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HEALTH CARE

Past Imperfect

Ever since Mitt Romney disavowed his role in the federal health care overhaul, he has struggled to articulate his views on reform. There’s no doubt, however, where President Obama stands, whether America likes it or not.

The most gruesome, avert-your-eyes aspect of Mitt Romney’s tortuous effort to distance himself from his signature achievement as Massachusetts governor may be over. As the GOP presidential nominee, he should be able to spend less time worrying about shoring up his right flank by condemning the Affordable Care Act—and, by implication, the similar state law passed on his watch—and more time training his fire on other targets.

Calling attention to what has been derisively termed “Obamacare” was never a winning play for Romney. His scathing criticism produced an almost unresolvable tension between his current persona and the governor he was, a feedback loop that implicated Romney as much as the president. (Indeed, in August, Romney’s campaign seemed to cautiously embrace the Massachusetts law, to the consternation of conservatives.)

 

To the extent that Romney continues to assail the federal law, he’ll focus, as he has for months, on the government’s new role as regulator of the health insurance industry. His chief defense of the Massachusetts statute has been that it was a state-specific solution to a problem, not something intended for a national scale, and it’s true that he has never favored increased federal control over the insurance industry at any time in his career. Romney has vowed to let states opt out of the law’s requirements as soon as he becomes president—and to push for legislation to repeal it outright.

But, of course, his Massachusetts plan and the federal one share many important similarities. They both aim to help individuals buy insurance through state-based “exchanges.” And they both require people to have health insurance or pay a fine. Romney’s law expanded Medicaid and offered subsidies to help low-income people buy insurance, just like its federal counterpart. Obama’s reelection campaign loves to suggest that Massachusetts furnished the entire model for the federal law.

More important, the Obama team contends that were Romney to become president and advocate repeal, he would not just be seeking to eliminate what he describes as an unpopular, bureaucratic program; he would effectively be denying insurance to 30 million people, rolling back guarantees that those with preexisting medical conditions can get affordable coverage, and taking money back from seniors struggling to pay for their prescription drugs through Medicare.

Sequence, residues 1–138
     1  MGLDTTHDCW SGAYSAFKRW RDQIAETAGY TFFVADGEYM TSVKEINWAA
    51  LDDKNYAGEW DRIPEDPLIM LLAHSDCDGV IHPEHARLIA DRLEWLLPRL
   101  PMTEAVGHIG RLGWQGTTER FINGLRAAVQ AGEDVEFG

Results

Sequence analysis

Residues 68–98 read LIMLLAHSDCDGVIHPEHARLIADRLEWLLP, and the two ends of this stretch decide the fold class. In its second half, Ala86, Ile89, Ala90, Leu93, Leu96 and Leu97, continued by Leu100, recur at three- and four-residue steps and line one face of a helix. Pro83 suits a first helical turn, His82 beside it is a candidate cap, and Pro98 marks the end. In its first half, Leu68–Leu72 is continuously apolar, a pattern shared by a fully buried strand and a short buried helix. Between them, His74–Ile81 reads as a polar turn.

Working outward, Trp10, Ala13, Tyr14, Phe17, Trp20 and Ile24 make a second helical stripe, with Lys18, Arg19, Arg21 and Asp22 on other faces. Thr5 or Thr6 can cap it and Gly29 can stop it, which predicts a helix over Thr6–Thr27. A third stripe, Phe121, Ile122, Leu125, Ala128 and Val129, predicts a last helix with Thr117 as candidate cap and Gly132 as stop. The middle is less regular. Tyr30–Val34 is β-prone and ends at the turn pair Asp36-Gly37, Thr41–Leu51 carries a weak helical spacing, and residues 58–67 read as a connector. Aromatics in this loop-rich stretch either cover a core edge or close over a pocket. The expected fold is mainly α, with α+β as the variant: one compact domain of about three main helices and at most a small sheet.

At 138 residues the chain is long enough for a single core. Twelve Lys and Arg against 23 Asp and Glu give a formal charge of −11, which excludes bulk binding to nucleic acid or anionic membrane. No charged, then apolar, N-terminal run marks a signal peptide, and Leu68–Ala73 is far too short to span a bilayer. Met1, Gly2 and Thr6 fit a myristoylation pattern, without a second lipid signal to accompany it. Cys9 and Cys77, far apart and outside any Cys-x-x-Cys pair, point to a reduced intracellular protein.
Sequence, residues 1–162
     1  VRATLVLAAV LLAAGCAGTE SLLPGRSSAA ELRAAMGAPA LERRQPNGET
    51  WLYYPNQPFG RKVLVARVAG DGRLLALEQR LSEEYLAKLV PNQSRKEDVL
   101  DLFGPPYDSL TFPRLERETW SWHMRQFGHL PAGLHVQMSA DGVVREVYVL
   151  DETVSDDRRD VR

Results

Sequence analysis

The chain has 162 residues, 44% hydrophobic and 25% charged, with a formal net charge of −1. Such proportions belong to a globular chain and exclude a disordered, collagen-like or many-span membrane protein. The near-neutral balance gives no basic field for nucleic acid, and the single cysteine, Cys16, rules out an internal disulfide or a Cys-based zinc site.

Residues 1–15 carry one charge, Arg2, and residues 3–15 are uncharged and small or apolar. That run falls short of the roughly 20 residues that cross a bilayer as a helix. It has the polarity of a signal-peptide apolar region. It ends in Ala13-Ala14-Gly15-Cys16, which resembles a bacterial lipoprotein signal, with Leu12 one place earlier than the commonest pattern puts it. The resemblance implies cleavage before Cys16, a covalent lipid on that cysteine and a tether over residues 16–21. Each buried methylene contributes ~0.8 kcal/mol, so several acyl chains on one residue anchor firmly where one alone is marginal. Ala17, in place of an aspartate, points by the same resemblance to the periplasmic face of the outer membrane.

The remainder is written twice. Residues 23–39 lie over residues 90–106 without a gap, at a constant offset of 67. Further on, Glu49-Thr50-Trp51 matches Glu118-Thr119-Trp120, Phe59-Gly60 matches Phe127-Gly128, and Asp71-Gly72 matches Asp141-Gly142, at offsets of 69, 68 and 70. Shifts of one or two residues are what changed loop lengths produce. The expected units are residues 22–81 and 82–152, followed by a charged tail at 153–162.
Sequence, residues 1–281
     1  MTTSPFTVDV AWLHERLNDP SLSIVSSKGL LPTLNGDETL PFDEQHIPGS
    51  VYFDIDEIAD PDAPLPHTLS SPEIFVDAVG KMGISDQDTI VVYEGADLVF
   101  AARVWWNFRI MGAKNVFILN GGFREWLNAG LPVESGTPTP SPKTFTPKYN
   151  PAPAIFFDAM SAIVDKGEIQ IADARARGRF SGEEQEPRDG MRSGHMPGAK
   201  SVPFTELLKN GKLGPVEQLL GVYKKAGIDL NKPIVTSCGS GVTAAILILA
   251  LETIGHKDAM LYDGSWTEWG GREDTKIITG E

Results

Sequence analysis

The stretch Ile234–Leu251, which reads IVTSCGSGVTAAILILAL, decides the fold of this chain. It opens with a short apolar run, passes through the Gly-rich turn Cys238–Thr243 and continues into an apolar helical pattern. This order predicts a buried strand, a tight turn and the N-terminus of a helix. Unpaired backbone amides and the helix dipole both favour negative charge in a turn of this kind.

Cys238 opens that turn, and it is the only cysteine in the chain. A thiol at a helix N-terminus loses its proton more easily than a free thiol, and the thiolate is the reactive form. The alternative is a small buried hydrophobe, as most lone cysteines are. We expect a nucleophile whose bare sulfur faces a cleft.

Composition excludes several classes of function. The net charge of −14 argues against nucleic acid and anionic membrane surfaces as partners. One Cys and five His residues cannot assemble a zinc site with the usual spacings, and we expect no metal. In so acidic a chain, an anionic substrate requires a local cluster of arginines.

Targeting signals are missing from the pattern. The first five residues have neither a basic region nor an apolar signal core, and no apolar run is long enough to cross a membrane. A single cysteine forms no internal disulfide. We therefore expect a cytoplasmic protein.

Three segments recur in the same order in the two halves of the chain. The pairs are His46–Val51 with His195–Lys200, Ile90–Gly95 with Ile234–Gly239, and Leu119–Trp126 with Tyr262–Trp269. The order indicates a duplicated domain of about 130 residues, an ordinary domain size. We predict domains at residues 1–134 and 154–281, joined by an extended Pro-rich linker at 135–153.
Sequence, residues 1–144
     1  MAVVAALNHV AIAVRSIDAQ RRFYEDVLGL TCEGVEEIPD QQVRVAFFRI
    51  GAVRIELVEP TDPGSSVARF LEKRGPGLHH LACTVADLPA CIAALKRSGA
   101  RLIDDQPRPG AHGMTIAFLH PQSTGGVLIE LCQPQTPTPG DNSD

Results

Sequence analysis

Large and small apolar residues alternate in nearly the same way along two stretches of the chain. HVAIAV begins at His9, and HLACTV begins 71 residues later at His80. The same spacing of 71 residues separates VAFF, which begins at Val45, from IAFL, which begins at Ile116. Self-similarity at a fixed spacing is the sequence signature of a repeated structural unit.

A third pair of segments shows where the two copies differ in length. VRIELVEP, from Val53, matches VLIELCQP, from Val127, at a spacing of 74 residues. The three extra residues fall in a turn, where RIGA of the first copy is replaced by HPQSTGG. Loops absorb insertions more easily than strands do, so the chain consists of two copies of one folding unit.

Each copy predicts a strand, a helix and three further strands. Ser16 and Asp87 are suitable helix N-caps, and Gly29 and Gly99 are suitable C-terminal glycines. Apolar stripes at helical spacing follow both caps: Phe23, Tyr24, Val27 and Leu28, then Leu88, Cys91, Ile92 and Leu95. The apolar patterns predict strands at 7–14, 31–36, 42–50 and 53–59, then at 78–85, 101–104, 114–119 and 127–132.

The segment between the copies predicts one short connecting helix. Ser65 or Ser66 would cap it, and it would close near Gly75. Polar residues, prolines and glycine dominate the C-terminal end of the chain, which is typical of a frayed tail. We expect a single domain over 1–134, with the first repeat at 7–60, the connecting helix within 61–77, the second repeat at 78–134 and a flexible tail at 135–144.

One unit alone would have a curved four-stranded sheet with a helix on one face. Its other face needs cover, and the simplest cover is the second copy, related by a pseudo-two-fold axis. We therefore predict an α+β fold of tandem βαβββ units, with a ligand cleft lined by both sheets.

So far, Romney’s health care agenda isn’t an affirmative one. He seeks to destroy more than to create. In his broad-brush vision circa 2012, the proposals seem to be decidedly warmed-over GOP pitches to loosen controls on insurers and unfetter the free market. On that score, at least, the gulf between Romney and Obama is wide. The health care law that Obama signed puts the federal government squarely in control of the private health insurance industry, regulating everything from how much money insurers can spend on overhead to the menu of benefits they must include in certain plans.

That translates, philosophically, to a wider debate about access to coverage. Should it be the government’s role to pool risk to bring down the cost of health insurance and ensure that benefits are available to those most in need? Or should the market be left to its own devices to produce cost-saving efficiencies and tailored insurance plans?

FREEING INSURERS

Romney’s position on health care and the law he helped enact in 2006 has always been more nuanced than his detractors on both the right and the left would have you believe. John McDonough, a professor at Harvard University’s School of Public Health, says that even though the resemblance between Title I of the federal law—which establishes insurance exchanges—and the Massachusetts law is “striking and unmistakable,” it’s not entirely fair to call the state law “Romneycare.”

As a Republican governor working with a Democratic Legislature, Romney didn’t get everything he wanted, notes McDonough, who helped write the federal legislation. Romney sought but failed to get looser restrictions on the policies that consumers would be required to buy under the law.

 

“He really preferred a much thinner form of coverage for people ... that would have only required very thin catastrophic coverage as the form of the mandate,” McDonough said.

Romney now prefers an even more bare-bones option on the federal level. In a health policy plan he sketched on the second anniversary of the Affordable Care Act’s signing, he rolled out a laundry list of the long-standing GOP-favored fixes to the insurance market.

He wants to let states pick and choose among the rules that the federal law puts on insurance plans, such as limiting how much they can spend on overhead or requiring reviews of premiums that increase 10 percent or more. Romney proposes capping medical-malpractice awards and enabling individuals and small businesses to join together to buy insurance coverage. He also wants to allow insurers to sell policies across state lines, a change that advocates say will increase competition and lower prices.

This article appears in the August 25, 2012 edition of National Journal Magazine.

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